The foster period varies greatly. Sometimes dogs are adopted in a couple of weeks; sometimes they're in foster care for months. The amount of time a dog is in foster care is affected by many factors, including its age, health, any behavioral issues, if it has special requirements for an adoptive home, etc.
How can I give up the dog when I’ll get so attached to it?
The answer is simple: It saves lives. It is hard to say goodbye to a dog you’ve fallen in love with, but the real payoff is meeting the new family who’s ready to provide a permanent, loving home for the dog you’ve helped rescue. You’ll feel an overwhelming sense of satisfaction when you see your foster dog move on to his new and better life. Helping a previously lost and unwanted dog find a loving forever home is an extremely rewarding experience. That makes it all worth it.
The other wonderful part is knowing you can now help another dog in need. The beauty of fostering is that one dog gets adopted and there is always another to take its place in your home.
What if I want to adopt my foster dog?
Foster homes generally have the first option to adopt. Fosters homes are still expected to pay the adoption fee to help offset the cost of medical care.
Want to save a life? Foster!
What are you waiting for??
By fostering, you are the difference between life and death for a wonderful and deserving dog.
If you have any questions about fostering, contact us!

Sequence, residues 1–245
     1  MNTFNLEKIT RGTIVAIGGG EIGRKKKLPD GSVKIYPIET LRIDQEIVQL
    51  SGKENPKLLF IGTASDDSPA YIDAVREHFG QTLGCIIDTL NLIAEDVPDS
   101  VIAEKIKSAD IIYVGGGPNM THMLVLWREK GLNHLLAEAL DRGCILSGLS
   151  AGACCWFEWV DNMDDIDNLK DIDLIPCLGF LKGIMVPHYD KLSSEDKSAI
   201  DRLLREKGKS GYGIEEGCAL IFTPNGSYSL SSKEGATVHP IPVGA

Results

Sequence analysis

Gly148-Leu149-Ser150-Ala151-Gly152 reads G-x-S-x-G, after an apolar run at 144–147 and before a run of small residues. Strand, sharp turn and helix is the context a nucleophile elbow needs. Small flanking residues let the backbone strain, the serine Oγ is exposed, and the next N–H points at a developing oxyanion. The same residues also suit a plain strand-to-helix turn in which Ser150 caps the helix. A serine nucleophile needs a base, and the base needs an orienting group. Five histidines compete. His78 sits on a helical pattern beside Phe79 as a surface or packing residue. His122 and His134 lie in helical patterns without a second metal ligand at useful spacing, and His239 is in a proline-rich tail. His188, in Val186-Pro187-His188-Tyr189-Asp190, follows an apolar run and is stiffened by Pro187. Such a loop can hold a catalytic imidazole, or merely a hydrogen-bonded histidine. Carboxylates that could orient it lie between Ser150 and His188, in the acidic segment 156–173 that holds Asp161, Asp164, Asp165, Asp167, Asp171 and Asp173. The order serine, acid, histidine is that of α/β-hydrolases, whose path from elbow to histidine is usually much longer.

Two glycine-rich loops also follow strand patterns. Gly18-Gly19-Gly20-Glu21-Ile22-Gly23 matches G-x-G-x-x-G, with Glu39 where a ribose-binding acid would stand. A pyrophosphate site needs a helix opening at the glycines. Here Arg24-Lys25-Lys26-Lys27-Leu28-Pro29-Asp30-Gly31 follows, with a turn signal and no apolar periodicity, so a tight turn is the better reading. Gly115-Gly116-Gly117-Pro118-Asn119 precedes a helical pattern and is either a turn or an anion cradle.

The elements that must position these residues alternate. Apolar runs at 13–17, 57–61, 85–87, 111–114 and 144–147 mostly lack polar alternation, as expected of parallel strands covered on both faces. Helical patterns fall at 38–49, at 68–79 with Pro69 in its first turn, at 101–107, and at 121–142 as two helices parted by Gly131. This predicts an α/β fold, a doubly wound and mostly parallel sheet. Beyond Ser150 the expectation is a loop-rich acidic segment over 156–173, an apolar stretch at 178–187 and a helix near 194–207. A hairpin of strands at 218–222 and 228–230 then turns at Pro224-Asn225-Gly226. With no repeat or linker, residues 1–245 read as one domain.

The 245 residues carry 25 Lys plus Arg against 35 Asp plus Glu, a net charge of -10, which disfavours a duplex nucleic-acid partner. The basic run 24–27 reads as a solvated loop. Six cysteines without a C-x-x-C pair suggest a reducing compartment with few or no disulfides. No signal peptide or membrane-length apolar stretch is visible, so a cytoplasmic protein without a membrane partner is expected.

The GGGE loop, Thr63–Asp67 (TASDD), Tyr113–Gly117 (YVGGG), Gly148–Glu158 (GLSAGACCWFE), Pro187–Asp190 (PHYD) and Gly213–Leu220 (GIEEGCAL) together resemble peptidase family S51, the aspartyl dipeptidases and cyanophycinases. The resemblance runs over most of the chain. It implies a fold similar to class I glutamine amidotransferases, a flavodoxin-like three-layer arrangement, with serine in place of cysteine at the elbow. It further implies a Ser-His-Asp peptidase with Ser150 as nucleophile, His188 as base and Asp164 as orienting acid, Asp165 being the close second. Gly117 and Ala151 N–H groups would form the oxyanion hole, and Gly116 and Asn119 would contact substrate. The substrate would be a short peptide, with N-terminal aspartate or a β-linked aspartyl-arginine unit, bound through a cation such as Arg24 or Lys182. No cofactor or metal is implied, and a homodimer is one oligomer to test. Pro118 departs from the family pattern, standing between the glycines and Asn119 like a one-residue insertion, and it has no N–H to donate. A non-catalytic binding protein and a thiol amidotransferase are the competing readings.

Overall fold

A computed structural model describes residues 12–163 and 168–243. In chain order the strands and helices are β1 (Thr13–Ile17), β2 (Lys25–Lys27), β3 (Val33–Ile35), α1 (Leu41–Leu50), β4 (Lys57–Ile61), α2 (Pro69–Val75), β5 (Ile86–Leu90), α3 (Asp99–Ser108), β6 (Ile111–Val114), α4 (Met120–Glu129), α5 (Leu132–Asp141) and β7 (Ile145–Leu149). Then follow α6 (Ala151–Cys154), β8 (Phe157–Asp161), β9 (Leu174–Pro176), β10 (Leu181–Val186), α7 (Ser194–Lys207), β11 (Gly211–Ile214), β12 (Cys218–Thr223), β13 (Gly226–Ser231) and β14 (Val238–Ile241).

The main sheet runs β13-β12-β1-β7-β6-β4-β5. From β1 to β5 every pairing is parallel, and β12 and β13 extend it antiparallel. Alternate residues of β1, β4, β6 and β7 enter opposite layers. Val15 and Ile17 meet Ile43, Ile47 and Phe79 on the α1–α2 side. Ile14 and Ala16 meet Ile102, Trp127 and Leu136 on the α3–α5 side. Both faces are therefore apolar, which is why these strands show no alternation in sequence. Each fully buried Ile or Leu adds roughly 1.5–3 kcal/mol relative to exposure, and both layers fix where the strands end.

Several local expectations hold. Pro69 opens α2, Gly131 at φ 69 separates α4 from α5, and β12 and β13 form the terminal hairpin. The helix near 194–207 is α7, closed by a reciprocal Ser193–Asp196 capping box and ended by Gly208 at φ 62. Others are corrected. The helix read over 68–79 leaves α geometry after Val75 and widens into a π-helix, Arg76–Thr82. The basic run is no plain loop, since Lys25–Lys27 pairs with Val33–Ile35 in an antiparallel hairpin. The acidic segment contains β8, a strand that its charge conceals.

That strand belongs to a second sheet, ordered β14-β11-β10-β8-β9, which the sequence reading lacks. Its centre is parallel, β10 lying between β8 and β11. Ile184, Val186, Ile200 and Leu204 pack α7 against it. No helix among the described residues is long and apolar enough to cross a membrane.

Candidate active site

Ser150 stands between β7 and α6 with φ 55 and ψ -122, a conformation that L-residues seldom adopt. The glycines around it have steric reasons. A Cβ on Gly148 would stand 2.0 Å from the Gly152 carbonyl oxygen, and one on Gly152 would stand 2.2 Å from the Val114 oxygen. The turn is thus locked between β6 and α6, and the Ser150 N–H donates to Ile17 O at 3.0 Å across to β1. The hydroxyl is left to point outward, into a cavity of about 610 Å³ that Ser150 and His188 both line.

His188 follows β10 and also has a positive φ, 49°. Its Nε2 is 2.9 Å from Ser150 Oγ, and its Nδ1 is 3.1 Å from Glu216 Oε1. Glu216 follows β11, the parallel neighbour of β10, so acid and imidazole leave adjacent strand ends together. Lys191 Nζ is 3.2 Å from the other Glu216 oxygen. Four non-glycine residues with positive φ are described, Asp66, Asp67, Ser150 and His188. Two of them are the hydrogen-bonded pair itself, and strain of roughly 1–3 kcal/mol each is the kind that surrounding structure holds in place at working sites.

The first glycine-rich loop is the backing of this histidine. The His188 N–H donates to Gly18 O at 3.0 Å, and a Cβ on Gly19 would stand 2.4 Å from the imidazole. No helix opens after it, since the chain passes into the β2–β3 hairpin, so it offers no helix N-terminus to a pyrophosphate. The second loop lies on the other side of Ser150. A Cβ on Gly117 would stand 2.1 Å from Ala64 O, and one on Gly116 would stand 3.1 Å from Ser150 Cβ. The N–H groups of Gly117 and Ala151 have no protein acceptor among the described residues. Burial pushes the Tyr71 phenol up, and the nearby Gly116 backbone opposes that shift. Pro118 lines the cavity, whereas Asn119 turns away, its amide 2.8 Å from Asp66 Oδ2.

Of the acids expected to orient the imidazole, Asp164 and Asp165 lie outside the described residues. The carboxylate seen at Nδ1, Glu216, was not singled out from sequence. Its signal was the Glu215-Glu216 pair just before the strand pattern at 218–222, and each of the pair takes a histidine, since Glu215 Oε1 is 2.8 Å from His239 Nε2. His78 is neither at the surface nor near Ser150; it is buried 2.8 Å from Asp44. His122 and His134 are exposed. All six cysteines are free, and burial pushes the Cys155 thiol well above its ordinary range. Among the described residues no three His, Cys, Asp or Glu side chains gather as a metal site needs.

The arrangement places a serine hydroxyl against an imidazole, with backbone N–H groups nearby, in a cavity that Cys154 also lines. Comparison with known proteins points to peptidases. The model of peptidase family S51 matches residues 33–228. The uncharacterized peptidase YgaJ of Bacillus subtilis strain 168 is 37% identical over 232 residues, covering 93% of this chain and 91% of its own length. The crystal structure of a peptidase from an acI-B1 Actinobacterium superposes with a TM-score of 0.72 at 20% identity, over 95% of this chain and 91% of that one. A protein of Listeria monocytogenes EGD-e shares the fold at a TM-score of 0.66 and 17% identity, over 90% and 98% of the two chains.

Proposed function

Click below to download and fill out the foster application, then email it to us at
Reasons to Foster
Companionship without a lifetime commitment
Animals that have endured hardship can really use a loving home, one in which they can get used to living with people again.
Fostering provides a great lesson in compassion, nurturing, and generosity to children and it’s a wonderful, life-affirming experience for an entire family, a couple, or a single individual.
If you already have one or more dogs, one more won’t make a difference to you, but it sure will make a difference to the foster dog who otherwise might not have a second chance at life.
Fostering increases the likelihood of adoption and dramatically reduces the chances of an animal being returned. If your foster dog is loved and accepted in its new home, it is because of you!!!
Increased "human interaction" greatly helps foster dogs who often come from neglectful or abusive situations… and lets not forget what "canine interaction" can do for you.
You undoubtedly will get attached but when you meet the new family that's ready to provide a permanent, loving forever-home for the dog you helped rescue through fostering, you will feel more than satisfied to see him move on to his new life
You get to show and teach your foster dog what a dog’s life should be.
More foster homes means more dogs saved from the pound and possible death; it is a fact that only a small fraction of dogs impounded every year are rescued from the terrible fate of euthanasia…FOSTERING IS A TRUE WAY TO SAVE A LIFE!
Do you have the time and space to help a dog in need? We are ALWAYS looking for more foster homes to help save homeless dogs! If you'd like to make a difference in a dog's life, please consider fostering. Fostering is one of the single greatest things you can do for a homeless dog. It not only gets them out of the shelter and into safety, but living in a home environment allows them to grow to their full potential. Our fosters are the core of our rescue...we absolutely cannot save dogs without them! We can only rescue as many dogs as we have foster homes. Please consider fostering today!